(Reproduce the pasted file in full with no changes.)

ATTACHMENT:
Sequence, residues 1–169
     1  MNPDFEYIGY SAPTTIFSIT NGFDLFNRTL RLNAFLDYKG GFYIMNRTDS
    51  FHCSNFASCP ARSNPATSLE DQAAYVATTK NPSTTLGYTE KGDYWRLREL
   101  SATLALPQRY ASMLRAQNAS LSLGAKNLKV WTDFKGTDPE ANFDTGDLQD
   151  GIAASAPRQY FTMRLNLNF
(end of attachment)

Sequence, residues 1–169
     1  MNPDFEYIGY SAPTTIFSIT NGFDLFNRTL RLNAFLDYKG GFYIMNRTDS
    51  FHCSNFASCP ARSNPATSLE DQAAYVATTK NPSTTLGYTE KGDYWRLREL
   101  SATLALPQRY ASMLRAQNAS LSLGAKNLKV WTDFKGTDPE ANFDTGDLQD
   151  GIAASAPRQY FTMRLNLNF